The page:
In a 6-0 vote before a packed City Council chamber last night, the Metropolitan Planning Commission approved a new plan to develop the Whitehall property on Lady’s Island.
The slimmed-down plan calls for 80-100 residential units, a 100-unit independent living facility, and some 20,000 s.f. of commercial/retails space along the Sea Island Parkway.
An earlier proposal, with more than 240 residential units in seven large apartment towers, was denied by the MPC in November.
Last night’s approval of the “conceptual plat” was essentially the approval of building lots and the road network inside the Whitehall property. With this in hand, the developer is able to move forward with survey and engineering work to finalize lot locations and dimensions, water and sewer connections, and storm water management among other things.
A number of conditions were placed on the approval, three recommended by the City’s planning department. The City asked for:
- a reconfigured sidewalk along Sea Island Parkway
- a retained road connection to Harborview Circle, but with traffic-calming elements; and a
- a contractural agreement with a certified arborist to ensure tree health and preservation “before, during and after” construction.
Bill Harris, MPC vice-chair and member from the City, added two other conditions. One directed the developer to shift one of the proposed lots to ensure a clear sightline to the river through open space at the center of the development.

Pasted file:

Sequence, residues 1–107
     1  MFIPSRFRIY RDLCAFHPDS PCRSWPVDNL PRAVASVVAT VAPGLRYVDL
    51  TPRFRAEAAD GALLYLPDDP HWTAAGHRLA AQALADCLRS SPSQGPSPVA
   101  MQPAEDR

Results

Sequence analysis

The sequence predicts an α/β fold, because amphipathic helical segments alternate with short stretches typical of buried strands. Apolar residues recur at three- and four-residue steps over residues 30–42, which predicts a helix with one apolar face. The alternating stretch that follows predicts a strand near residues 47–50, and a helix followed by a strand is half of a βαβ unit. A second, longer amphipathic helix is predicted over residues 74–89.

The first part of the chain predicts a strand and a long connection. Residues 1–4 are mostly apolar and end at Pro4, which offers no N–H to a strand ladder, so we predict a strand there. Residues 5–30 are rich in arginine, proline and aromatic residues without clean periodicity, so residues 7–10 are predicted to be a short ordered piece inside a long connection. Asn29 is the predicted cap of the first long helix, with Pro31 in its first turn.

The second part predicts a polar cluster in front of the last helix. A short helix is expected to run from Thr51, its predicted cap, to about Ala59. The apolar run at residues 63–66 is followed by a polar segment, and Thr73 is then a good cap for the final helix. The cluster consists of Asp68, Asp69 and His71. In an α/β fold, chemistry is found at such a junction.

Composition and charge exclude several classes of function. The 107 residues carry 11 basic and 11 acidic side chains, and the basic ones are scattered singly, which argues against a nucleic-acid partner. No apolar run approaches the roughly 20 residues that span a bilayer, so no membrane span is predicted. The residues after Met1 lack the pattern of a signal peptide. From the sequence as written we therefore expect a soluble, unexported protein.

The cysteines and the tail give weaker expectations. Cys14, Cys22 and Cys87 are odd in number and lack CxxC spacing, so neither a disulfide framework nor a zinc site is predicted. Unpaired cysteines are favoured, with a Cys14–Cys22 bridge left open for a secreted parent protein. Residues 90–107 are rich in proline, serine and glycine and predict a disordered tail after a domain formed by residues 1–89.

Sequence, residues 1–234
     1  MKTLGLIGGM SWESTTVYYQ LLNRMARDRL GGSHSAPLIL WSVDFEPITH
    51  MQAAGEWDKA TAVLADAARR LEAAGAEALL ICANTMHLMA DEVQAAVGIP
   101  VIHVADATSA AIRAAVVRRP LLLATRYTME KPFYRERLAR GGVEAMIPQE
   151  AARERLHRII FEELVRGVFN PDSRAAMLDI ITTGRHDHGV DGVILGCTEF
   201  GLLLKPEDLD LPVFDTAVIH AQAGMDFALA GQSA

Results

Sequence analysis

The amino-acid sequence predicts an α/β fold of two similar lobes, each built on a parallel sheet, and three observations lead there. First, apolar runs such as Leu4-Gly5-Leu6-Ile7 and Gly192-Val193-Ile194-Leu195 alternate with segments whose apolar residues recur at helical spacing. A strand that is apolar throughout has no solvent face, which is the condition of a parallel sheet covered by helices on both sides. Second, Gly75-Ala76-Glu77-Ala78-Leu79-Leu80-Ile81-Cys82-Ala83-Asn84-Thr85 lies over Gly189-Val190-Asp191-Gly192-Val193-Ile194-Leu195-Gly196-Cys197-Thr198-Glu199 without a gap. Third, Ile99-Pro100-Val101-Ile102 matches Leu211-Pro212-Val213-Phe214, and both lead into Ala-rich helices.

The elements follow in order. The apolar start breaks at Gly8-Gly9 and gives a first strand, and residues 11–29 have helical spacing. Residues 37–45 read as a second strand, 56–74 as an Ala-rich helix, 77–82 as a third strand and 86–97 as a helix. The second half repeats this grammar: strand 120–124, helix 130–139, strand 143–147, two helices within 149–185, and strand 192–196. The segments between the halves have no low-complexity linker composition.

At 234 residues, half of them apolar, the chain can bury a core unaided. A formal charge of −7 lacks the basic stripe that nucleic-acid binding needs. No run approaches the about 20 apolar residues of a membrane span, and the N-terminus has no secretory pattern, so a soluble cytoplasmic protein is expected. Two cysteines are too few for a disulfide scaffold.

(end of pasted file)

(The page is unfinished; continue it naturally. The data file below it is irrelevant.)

A second condition, added to “give some weight” to the issue, asked City planners to review the mass of the planned independent living facility during the design phase. The Sea Island Coalition argued that this facility was “out of scale” with the rest of the development and was contrary to requirements of The Beaufort Code.
Mary Somerville, a director of the Coalition, said the group was pleased with the outcome.
“If Whitehall is to be developed, this plan was a reasonable effort to do so in a smart way, as the Coalition had advocated.
“By and large, this plan fits the character of the community, the scale proposed does not overwhelm the property, and the protections added by the MPC give us some confidence it will be developed the right way.
“This plan doesn’t begin to deal with the horrific traffic problems that will result, and we now have to rely on processes at the City on subsequent design and density issues, with the mass of the independent living facility a key matter of concern.
“But we are pleased the Coalition was able to make a positive impact on Whitehall, and we expect to continue to be involved in subsequent decision-making processes regarding the property.
“Most importantly, this process highlighted the impact of community engagement. Without the hundreds of people who turned out for meetings and hearings all along the way, we are convinced the result would have been far, far worse,” Somerville said.